24 June 2008

Anacostia, My Home Sweet Home

Washington City Paper has a very interesting pool of articles covering the major neighborhoods in the District. One is a very thoughtful piece written about Anacostia, Fairlawn, Barry Farm, and Buena Vista (collectively addressed as "Anacostia" to those who don't live here). The first three sentences sum up everything with which I have to deal when talking to people about my neighborhood.
Let me warn you about Anacostia: If you move there, your friends are going to make all sorts of stupid remarks about it right to your face. They will ask you if you carry a gun. They will be quite concerned about your well-being and they will, in all likelihood, not come see you at your large and inexpensive historic home.

Well, in my case, it is my large and inexpensive one-bedroom condo bordering parkland. But you get the point.

The author, while speaking about the potential of growth here, makes the assumption that D.C. United will build a soccer stadium at Poplar Point. While it would be a handsome new addition to my neighborhood and would keep Major League Soccer's winning-est team (and the District's most successful team ever) in the city, it appears to be a prospect that looks less likely by the day. So all of this growth that will eventually come to Anacostia will just have to happen a bit slower (unless the city gets its shit together and gets that stadium built).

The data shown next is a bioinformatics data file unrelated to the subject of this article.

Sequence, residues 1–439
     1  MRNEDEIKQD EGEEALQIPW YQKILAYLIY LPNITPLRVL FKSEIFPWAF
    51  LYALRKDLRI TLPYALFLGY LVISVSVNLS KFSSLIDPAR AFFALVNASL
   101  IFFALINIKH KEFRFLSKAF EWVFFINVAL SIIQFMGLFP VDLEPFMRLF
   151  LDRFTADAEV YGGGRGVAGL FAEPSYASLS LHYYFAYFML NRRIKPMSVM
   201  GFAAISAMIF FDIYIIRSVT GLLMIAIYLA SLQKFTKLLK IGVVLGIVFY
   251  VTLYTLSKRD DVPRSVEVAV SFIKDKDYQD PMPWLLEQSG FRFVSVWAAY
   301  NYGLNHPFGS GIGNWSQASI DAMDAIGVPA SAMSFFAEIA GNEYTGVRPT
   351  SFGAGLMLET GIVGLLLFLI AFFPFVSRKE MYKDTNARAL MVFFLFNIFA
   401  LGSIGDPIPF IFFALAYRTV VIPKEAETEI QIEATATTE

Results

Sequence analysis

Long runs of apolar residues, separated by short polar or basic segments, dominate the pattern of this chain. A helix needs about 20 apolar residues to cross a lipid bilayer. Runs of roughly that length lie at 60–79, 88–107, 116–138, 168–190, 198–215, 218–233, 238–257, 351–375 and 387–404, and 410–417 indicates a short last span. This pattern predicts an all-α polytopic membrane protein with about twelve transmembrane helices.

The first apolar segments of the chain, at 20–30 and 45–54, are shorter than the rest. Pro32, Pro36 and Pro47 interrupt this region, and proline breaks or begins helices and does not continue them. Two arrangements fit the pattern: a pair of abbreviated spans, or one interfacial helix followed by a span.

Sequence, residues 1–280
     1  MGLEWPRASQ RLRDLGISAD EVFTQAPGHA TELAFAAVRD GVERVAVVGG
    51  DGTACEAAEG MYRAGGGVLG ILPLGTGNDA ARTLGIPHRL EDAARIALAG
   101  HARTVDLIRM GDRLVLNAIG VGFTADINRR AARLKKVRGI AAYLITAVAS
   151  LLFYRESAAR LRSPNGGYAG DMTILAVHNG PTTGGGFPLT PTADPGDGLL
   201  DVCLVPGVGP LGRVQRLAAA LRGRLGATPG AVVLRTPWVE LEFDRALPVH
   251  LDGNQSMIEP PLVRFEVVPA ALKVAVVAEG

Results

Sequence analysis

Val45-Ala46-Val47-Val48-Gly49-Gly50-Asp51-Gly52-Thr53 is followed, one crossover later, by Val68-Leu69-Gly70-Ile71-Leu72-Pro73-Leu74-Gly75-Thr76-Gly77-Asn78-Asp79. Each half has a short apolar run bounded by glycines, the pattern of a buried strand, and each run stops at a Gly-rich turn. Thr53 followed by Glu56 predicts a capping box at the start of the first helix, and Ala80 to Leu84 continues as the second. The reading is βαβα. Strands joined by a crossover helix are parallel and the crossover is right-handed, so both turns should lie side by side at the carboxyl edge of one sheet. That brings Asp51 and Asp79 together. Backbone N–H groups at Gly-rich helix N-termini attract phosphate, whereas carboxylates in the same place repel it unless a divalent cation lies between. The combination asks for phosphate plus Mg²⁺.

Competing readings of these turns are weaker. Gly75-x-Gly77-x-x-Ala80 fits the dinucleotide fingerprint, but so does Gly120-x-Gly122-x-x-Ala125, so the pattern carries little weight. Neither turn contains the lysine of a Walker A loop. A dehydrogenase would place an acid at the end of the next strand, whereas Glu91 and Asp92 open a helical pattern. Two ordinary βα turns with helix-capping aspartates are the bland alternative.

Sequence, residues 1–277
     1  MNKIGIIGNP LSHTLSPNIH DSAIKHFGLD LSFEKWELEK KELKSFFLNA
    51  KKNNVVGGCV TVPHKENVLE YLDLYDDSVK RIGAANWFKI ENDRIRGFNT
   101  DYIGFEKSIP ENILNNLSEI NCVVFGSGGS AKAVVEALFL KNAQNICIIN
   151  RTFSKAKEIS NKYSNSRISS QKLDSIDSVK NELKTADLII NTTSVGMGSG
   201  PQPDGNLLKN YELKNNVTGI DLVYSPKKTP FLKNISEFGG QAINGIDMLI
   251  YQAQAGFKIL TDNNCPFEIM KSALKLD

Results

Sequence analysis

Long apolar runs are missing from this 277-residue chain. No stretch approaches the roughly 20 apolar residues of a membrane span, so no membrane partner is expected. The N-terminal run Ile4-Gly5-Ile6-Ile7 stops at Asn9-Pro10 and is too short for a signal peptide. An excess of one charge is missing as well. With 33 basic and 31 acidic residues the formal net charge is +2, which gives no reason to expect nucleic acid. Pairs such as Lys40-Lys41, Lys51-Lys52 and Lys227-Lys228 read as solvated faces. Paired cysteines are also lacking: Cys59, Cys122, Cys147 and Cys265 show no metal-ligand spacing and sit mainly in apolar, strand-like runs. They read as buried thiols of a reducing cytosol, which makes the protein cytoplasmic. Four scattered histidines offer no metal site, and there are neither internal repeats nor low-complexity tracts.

But I digress.

I echo the sentiments of David Garber, an Anacostia blogger:
Graber wishes people would focus more on Anacostia’s gorgeous old houses—lots of 19th-century wood-framed stand-alones in various states of solidity and decrepitude—and the potential for its historic main street to be rehabbed into a more Georgetown-like place. The buildings are lovely, and the sidewalks have potential, though you get the feeling it’s going to take a long time before blond yuppies spend their flip-flopped weekends drunkenly stumbling around here.

This really is a great place to live and had a ton of potential. Those who move in now, as is with all "transitional neighborhoods", have the most to gain when (and not if) the neighborhood forms into a "SE Georgetown". It isn't the crime-ridden crack den it was in the 80's and early 90's.

Where I really want to point your attention is to The Neighborhood Rankinator. Which neighborhood ranks Number 4? That's right ... Anacostia. We rank higher than "safer" and "more notable" neighborhoods such as Foggy Bottom, Woodley Park, Adams Morgan, and Tenleytown.

That's right! Suck it, Dupont Circle!

(No, really. Suck it.)

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